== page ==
Contact your landlord and set up a discussion. Present your requests confidently, but be respectful and be ready to compromise.
It’s best if you know in advance what concessions you’re willing to make and what the highest price you’re willing to accept is. If your initial offer is to pay $1,000 instead of $1,300 in exchange for doing your own snow shoveling and lawn mowing, would you accept $1,150 plus the responsibility of doing hammer-and-nail repairs yourself?
5. Explain how the landlord will benefit from reducing your rent
Landlords and property managers are there to do business. Be explicit about what they stand to gain from accepting your offer.
As we’ve said, if you’re offering to commit to a longer lease, point out that not having to look for a new tenant will save your landlord money. You can also call attention to your solid renting history and point out that new renters can be risky, which means that you can provide years of peace of mind if they accept your offer.
You have a better shot at bringing down the rent on a unit if it’s somehow flawed. For example, maybe it’s right above the dumpster or the next-door neighbor has a dog that barks all day. Your willingness to live with those issues and be a great tenant could easily be grounds for a discount.
Of course, to make that argument, you need to know everything possible about the unit. That’s part of why you should visit the apartment and look around carefully before you sign a lease.
6. Follow up with the agreement in writing
If your negotiation succeeds and your landlord agrees to reduce your rent, it’s crucial to follow up with a brief email. Confirm the agreement and thank your landlord for hearing your requests.
Always check that they’ve updated the lease before you sign it — don’t rely on a handshake deal.
When to negotiate rent
If you want to negotiate, it’s important to choose the right moment in the rental application process to bring it up.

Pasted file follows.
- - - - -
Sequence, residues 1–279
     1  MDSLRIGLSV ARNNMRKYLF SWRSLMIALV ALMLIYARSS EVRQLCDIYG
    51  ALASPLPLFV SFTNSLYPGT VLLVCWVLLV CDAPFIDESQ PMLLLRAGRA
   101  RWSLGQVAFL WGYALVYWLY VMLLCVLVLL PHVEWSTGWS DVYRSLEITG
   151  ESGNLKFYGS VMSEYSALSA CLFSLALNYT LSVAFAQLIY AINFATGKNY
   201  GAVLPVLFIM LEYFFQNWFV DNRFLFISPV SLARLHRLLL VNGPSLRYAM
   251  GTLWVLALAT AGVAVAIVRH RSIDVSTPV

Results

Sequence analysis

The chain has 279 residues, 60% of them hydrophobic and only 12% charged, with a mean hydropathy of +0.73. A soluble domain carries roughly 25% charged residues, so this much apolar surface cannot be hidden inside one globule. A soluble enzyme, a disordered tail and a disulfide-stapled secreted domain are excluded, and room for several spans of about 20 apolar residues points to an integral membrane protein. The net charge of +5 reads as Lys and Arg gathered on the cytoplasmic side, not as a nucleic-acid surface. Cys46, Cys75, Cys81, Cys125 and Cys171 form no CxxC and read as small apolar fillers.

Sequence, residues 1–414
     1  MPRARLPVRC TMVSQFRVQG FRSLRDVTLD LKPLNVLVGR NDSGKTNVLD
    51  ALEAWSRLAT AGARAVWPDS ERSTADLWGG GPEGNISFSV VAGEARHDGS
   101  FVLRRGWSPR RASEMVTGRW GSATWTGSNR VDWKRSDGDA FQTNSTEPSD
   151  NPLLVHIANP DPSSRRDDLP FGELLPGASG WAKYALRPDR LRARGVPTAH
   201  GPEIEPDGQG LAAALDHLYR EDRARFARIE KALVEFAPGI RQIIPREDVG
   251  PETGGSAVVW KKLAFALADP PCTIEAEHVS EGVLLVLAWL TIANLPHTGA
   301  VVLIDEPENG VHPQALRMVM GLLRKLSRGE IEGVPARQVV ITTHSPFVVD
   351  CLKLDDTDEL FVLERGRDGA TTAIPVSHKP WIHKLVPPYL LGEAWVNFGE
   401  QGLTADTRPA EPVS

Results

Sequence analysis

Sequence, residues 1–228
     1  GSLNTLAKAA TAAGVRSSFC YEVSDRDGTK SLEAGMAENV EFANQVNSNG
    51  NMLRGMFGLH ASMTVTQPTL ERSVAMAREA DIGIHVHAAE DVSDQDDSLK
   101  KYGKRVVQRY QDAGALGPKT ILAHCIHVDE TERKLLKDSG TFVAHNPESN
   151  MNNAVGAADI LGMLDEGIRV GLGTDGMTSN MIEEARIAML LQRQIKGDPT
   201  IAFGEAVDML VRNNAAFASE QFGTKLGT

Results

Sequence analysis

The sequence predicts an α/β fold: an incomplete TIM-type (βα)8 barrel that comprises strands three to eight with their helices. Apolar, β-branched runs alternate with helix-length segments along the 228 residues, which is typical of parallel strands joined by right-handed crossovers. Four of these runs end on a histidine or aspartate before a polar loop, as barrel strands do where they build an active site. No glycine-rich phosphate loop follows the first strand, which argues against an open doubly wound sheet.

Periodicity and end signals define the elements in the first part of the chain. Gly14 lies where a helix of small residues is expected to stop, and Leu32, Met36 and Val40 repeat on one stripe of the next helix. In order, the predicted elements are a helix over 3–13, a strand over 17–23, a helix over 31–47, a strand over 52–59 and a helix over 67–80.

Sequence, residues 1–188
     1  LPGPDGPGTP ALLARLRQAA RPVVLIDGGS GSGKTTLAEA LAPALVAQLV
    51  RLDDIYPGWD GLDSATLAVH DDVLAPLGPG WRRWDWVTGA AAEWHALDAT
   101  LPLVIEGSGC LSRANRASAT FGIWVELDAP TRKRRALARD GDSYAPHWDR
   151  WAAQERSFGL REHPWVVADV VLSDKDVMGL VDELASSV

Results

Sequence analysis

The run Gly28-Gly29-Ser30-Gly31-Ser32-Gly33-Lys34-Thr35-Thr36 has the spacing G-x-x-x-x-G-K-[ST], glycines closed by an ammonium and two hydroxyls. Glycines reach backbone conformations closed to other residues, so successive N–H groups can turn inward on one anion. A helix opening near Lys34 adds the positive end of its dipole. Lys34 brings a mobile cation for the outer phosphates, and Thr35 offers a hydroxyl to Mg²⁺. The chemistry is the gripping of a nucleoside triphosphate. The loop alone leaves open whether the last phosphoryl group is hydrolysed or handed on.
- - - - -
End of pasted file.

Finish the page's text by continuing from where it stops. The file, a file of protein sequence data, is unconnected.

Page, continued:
You don’t want it to be in your first or second email about the apartment. You don’t even want to bring it up when you take your first tour. You want to wait until you and the landlord have both established interest.
There are two times when it makes sense to negotiate rent:
1. Right before signing a new lease
The best time to negotiate is right before you sign the lease, during the pre-signing process. At that point, the landlord has approved your application and they’re ready to move forward.
Pre-signing is when prospective tenants go over lease terms. You can easily take this moment to point out the amenities you won’t be needing and suggest a lower rent in exchange.
2. When you’re about to renew your current lease
Even if you’re already in an apartment or house, you can renegotiate rent when your lease expires and you renew it. If you do, start the conversation a few months in advance, but no more. That way, your landlord will be ready to talk about renewal but it won’t feel last-minute.
If you’ve generally been a solid tenant — meaning you’ve been friendly, responsible, and tidy — you have a decent shot. Emphasize your solid payment history when you bring up the possibility of a lower rent next year.
What to do if your landlord increases your rent
If your rent is increasing next year, you’re not alone. Rents tend to rise 3% each year to keep up with inflation.
You can sometimes negotiate rent increases. It usually isn’t possible to eliminate them entirely, but you might be able to at least bring yours down.
Before you approach your landlord about the issue, consider the situation carefully. Ask yourself:
- How committed are you to staying in this rental? Are you willing to move if your landlord doesn’t approve your request?
- Is the rent increase reasonable, or is it unusually high?
- If it’s high, is that price justified by any improvements or renovations your landlord made in the past year?
- Can you afford the new price without a discount?
- Are you willing to make any concessions, like denying certain services or signing a longer lease, to keep the price down?
Ultimately, the choice is yours. No landlord can force you to stay and pay a higher rent. But if they refuse to reconsider, you have to choose whether to accept the new cost of living there or find a new place.
Weigh the pros and cons. Consider what you’d gain and lose by staying or moving. Think about how your landlord might benefit if you stay, then point to those benefits if you decide to negotiate.